Archive | July 2011

Excellence in Supply Chain Sustainability

Sustainability is probably the most pressing issue in our research field, as it’s not the product itself, but its supply chain that has an impact on sustainability. The study Excellence in Supply Chain Sustainability by EBS Business School and Logica is aimed at investigating sustainability in today’s companies, determining its degree of implementation, and identifying driving and impeding factors. The authors find that companies who engage in pollution prevention activities in production and in sustainable development have a better economic performance than companies without this engagement. It is also found that sustainability is a high-priority objective in companies – pushed by both the management and customers. However, customers who are not willing to pay for it and a management that is not commited to it are strong barriers to sustainability. The authors also provide recommendations on how to become a sustainable company based on their survey data.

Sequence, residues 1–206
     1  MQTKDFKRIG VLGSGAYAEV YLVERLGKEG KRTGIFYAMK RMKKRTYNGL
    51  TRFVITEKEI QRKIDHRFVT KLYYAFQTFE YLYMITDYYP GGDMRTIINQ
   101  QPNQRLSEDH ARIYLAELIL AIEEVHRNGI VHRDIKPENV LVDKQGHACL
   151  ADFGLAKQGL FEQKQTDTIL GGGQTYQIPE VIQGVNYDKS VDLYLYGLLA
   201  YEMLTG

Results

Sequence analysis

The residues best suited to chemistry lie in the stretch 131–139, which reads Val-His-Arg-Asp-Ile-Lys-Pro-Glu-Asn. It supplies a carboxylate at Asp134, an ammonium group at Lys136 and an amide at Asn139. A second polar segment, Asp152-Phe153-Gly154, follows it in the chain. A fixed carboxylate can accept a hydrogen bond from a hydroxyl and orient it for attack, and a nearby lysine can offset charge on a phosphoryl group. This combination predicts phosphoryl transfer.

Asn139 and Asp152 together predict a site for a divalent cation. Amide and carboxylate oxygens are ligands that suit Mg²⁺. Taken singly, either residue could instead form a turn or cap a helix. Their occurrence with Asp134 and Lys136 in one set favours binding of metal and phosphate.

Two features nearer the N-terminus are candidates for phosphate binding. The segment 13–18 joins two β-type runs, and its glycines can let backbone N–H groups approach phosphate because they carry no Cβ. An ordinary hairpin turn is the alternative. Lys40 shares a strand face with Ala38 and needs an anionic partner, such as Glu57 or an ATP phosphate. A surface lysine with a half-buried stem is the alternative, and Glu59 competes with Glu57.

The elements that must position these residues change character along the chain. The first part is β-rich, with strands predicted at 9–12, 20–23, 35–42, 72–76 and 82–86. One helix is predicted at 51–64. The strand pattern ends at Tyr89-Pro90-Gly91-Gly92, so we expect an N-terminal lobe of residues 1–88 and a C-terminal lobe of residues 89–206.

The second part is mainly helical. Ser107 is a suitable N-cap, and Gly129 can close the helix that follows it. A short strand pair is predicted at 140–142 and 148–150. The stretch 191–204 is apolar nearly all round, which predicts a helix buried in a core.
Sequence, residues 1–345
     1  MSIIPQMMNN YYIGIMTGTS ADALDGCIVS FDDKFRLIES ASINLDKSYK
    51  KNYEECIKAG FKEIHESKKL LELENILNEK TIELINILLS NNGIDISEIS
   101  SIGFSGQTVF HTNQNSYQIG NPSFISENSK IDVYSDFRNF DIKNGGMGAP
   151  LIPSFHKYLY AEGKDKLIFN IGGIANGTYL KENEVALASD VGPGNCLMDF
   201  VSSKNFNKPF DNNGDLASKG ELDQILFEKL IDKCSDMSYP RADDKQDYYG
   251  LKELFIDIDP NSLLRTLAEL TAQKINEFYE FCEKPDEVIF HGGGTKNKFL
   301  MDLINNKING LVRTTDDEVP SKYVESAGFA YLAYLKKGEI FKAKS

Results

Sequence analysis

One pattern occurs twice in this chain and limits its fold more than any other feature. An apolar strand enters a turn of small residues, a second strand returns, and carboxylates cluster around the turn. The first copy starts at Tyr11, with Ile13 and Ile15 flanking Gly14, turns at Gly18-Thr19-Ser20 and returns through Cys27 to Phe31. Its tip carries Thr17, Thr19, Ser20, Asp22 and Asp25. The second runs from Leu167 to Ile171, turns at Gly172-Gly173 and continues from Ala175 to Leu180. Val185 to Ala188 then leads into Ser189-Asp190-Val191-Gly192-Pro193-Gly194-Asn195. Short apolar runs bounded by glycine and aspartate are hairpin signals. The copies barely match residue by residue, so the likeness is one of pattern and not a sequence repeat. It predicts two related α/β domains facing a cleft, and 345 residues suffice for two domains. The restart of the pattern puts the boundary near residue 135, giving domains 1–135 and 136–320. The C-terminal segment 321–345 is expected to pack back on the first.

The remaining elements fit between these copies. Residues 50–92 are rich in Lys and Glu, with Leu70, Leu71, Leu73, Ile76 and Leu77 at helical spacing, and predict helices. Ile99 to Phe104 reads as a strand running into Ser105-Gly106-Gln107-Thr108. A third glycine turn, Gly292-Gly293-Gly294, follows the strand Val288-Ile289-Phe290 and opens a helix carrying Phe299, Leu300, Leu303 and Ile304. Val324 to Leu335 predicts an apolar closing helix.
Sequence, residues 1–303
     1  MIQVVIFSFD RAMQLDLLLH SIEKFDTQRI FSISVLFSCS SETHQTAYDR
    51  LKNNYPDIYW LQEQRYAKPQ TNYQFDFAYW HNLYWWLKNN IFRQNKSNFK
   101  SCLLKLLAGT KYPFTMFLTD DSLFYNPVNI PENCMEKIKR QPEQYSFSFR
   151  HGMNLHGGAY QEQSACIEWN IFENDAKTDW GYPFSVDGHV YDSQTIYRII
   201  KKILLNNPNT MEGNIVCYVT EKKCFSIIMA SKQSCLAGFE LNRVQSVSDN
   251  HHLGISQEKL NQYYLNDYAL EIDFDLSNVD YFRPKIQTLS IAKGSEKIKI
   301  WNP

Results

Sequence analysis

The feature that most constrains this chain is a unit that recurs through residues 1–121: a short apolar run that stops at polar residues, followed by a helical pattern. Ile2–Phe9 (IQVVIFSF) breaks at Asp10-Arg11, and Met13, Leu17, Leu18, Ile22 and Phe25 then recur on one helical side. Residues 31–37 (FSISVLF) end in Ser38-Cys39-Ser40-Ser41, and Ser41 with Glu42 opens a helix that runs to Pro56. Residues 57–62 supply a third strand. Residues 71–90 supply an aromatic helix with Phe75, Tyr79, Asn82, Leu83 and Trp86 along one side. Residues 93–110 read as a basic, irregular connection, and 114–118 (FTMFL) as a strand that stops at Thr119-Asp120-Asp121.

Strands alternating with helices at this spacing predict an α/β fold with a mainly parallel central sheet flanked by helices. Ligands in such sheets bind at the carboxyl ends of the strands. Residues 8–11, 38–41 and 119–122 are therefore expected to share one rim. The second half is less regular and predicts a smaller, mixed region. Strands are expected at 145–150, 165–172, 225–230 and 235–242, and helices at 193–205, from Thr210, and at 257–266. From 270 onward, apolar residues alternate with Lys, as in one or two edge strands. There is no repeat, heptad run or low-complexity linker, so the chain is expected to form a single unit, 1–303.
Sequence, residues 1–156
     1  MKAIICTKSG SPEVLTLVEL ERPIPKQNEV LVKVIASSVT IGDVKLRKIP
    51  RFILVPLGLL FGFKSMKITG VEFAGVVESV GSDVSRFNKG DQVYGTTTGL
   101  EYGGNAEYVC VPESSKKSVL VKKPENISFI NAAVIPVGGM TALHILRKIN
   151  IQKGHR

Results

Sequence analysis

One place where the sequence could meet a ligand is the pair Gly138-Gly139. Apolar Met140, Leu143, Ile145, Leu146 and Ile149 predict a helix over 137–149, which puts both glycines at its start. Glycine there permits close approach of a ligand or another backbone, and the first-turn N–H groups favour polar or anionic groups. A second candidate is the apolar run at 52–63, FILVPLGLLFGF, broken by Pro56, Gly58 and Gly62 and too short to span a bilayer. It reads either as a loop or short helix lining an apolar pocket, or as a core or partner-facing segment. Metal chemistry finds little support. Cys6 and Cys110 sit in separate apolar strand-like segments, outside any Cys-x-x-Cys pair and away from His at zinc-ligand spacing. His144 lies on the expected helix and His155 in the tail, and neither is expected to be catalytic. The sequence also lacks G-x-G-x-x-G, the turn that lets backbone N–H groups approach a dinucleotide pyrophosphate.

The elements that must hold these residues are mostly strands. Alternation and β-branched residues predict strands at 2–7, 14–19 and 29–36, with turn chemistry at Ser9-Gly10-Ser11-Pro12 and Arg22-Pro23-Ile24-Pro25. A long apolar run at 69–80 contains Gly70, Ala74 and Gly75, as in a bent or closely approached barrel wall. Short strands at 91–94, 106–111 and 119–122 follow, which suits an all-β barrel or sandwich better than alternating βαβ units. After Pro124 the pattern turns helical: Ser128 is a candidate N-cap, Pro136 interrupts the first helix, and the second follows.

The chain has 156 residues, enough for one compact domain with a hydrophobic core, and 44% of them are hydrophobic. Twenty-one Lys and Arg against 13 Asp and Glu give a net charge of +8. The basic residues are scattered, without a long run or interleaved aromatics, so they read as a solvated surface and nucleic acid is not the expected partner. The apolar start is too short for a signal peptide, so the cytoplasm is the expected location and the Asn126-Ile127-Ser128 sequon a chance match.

Global Supply Chain Trends 2011

PRTM Management Consultants recently published a report titled Global Supply Chain Trends 2011. The authors observe that “[h]igh volatility, huge swings in customer demand, and uncertainty in supply have created a new reality for global supply chain executives” and they make us aware of the significance of flexibility in the supply chain. This reminds me both in a statement made by Simchi-Levi (“With the increasing level of volatility, the days of static supply chain strategies are over”) and the “era of turbulence” proclaimed by Christopher and Holweg. The PRTM report contains five interesting recommendations to supply chain leaders: (1) They must focus on supply assurance and proactive capacity management for critical resources; (2) they must relentlessly engage in collaborative end-to-end demand and supply planning; (3) they must more tightly integrate their own and their partners’ supply chain architectures; (4) they must tear down the wall between supply chain management and product development/engineering; and (5) they must relentlessly drive superior collaboration maturity.